Tape Strips in Dermatology Research

A. J. Hughes; S. S. Tawfik; K. P. Baruah; E. A. O'Toole; R. F. L. O'Shaughnessy


The British Journal of Dermatology. 2021;185(1):26-35. 

In This Article

Alternatives to Tape Stripping

The gold standard will continue to be skin biopsies, as biopsies access more substantial tissue to a deeper level.[55] TS are representative of biopsies; Kim et al. showed expression of five terminal differentiation genes (FLG, loricrin, keratin-1, involucrin and corneodesmosin) from 20 TS positively correlated with the gene expression from matching biopsies.[3] TS have several advantages, as certain genes have more pronounced differential expression in TS than in biopsies,[2,5,51] possibly because biopsies dilute measured differences of genes expressed in the upper epidermis.[5] Dyjack et al. compared RNA transcriptome expression in TS samples with matching biopsies that had been split into epidermal and dermal components.[51] They found that terminal differentiation genes were most highly expressed in the TS samples and were least expressed in the dermis, suggesting that TS more accurately represent terminal differentiation gene expression.[51] Both nonlesional AE and nonlesional psoriasis show greater differential gene expression for inflammatory markers (Th2 in AE, Th1 in psoriasis) using TS when compared with biopsies.[2,5,8] He et al. identified a biomarker to differentiate AE from psoriasis from one gene (NOS2/iNOS) using TS, but required two genes from biopsies.[5]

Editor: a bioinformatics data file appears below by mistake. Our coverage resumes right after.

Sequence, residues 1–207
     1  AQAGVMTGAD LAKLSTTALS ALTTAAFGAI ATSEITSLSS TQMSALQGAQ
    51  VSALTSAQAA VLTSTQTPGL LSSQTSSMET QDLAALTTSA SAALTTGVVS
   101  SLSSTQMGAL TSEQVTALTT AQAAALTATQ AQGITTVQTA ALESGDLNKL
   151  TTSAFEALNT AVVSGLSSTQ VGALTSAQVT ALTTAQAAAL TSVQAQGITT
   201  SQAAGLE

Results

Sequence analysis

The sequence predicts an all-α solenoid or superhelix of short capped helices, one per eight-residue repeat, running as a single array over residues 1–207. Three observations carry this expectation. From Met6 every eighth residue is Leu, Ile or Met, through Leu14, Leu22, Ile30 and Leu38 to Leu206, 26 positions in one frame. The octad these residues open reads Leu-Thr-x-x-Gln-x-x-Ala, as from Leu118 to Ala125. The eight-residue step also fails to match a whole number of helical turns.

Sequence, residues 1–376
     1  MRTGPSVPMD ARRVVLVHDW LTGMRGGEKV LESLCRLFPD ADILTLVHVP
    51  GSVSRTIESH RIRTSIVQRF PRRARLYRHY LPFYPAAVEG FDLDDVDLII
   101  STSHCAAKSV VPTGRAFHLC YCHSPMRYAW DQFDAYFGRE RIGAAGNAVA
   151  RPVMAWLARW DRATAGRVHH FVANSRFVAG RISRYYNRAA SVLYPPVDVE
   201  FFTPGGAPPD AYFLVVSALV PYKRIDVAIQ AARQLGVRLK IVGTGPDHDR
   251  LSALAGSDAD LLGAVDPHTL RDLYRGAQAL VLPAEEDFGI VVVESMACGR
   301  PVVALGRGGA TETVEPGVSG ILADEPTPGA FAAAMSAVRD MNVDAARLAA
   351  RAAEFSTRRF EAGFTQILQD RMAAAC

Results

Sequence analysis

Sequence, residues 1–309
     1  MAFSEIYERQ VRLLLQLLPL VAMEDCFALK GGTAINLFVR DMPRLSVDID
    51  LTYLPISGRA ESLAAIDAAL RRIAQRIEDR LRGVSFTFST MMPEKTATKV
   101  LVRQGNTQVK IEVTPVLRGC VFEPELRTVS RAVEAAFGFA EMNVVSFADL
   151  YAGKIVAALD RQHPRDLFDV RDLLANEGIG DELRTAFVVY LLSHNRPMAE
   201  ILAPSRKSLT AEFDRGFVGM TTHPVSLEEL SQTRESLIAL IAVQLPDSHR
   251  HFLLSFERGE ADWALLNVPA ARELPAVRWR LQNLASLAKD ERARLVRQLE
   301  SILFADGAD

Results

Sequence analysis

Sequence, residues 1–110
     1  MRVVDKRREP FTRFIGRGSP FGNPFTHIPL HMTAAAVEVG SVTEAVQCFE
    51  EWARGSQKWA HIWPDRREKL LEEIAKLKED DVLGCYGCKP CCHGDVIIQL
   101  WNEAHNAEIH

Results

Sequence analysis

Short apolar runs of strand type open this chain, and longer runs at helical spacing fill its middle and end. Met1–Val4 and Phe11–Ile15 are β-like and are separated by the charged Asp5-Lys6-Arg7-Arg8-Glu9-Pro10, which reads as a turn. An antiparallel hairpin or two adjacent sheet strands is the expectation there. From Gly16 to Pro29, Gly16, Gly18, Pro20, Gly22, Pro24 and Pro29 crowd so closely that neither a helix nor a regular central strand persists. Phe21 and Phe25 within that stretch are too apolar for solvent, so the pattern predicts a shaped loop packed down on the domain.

Suction cupping uses suction pressure to create a blister, where fluid can be aspirated and the epidermis removed. This is an alternative to TS, as proteins, lipids and RNA can be extracted from a single sample. Svoboda et al. directly compared TS with suction cupping and found that suction cupping provided higher total protein and RNA yield, with more proteins and genes detectable on Western blotting and q-PCR, respectively.[55] However, the formation of a blister and needle aspiration can deter patients. Furthermore, suction cupping is more time-intensive and requires specialist training.[11]

Raman spectroscopy is a noninvasive method that uses the scattering of light to detect small molecules within the epidermis, including lipids and NMF. Koppes et al. compared TS with Raman spectroscopy.[45] Although both methods measure different NMF components, there was a strong correlation of both total and depth-dependent NMF concentration.[45] The group concluded that both methods had comparable performance.[45]